Nicola Sturgeon: Independent Scotland with pound wouldn't be Panama

First Minister Nicola Sturgeon has sought to allay fears over an independent Scotland using the pound without a formal currency union, insisting such an arrangement would not be akin to Panama.

She spoke out after a major report on Scotland’s economy, commissioned by the SNP, recommended the country should retain sterling as its currency if it voted to leave the UK.

Following a transition period, possibly of some 10 years, an independent Scotland could then look to set up its own currency if six key tests were met, the Sustainable Growth Commission said.

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Scotland's Prime Minister Nicola Sturgeon speaks with the media outside EU headquarters in Brussels. (AP Photo/Virginia Mayo)

The SNP is currently considering the report’s findings, but Ms Sturgeon said retaining the pound post-independence would not leave Scotland “in the same position as Panama” - where the US dollar is legal tender.

The SNP leader was pressed on the issue when interviewed by Politico on a visit to Brussels.

She stated: “If Scotland was to use the pound outwith a currency union, even for a transitionary period, I don’t think it puts us in the same position as Panama for example.

“The term sterlingisation that is often used is when a country chooses to use a currency that is not its own.

“The pound is Scotland’s currency right now, the pound as everybody knows is a fully tradeable international currency.

“There is absolutely nothing to stop Scotland using the pound and it would be a continuation of what we do right now.

“Of course the recommendation that was set out in the report was to use the pound but also to take steps including the establishment of a Scottish Central Bank, that would prepare the way for a move to a Scottish currency if that was considered to be the right option.”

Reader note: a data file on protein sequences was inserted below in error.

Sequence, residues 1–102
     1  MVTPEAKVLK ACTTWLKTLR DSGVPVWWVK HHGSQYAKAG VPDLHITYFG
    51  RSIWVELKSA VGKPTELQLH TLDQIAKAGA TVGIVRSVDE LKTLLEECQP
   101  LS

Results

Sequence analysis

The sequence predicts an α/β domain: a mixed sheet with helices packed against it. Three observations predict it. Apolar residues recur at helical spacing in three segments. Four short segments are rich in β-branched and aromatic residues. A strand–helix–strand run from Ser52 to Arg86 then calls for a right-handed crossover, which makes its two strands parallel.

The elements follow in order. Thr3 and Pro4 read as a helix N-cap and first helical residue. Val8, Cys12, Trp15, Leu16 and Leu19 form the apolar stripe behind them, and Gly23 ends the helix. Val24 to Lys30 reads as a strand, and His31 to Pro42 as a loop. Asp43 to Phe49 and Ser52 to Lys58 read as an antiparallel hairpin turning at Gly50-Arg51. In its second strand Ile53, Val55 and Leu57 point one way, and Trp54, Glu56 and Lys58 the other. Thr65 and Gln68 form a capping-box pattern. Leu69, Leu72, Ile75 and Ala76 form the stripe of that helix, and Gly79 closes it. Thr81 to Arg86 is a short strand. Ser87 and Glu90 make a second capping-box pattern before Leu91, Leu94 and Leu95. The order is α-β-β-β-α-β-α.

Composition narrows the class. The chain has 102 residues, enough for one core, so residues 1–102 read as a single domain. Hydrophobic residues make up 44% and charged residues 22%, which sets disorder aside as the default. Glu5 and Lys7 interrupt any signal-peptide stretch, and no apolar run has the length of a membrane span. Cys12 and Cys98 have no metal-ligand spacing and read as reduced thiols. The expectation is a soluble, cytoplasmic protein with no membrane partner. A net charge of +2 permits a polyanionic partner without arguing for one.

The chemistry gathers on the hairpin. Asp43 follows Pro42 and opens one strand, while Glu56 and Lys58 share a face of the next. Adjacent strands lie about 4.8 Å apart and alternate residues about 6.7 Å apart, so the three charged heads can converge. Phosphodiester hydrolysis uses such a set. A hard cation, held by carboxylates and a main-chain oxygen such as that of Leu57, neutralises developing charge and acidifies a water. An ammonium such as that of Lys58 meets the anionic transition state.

In the run-up to the 2014 independence referendum, the then SNP leader Alex Salmond argued Scotland would be able to use the pound in a formal currency union with the rest of the UK - an idea which was immediately rejected by all the pro-UK parties.

But last week Bank of England Governor Mark Carney told the MPs on the Treasury Select Committee such an arrangement would be possible.

Ms Sturgeon said: “In the last referendum we proposed a currency union which the government of the Bank of England as recently as last week said would be perfectly economically credible. But it gave our opponents a political veto.”

She added: “Countries use whatever currency arrangements that best suit their needs and Scotland would have options in that regard, as we would have done in 2014.

“But we look forward to debating the report’s recommendations over the next few months.”